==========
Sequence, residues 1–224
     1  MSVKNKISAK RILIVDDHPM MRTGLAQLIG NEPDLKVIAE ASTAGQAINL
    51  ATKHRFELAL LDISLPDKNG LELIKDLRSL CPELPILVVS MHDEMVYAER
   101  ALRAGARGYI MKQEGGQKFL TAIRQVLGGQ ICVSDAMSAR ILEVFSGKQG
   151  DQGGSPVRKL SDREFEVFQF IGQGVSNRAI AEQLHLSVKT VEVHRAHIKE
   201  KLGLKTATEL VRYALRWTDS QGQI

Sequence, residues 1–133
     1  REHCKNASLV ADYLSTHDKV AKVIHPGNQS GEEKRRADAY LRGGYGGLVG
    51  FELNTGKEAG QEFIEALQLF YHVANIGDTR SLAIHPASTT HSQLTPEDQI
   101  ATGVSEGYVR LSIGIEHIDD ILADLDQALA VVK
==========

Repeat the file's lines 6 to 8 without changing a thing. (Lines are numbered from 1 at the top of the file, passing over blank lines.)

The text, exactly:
   201  KLGLKTATEL VRYALRWTDS QGQI

Sequence, residues 1–133
     1  REHCKNASLV ADYLSTHDKV AKVIHPGNQS GEEKRRADAY LRGGYGGLVG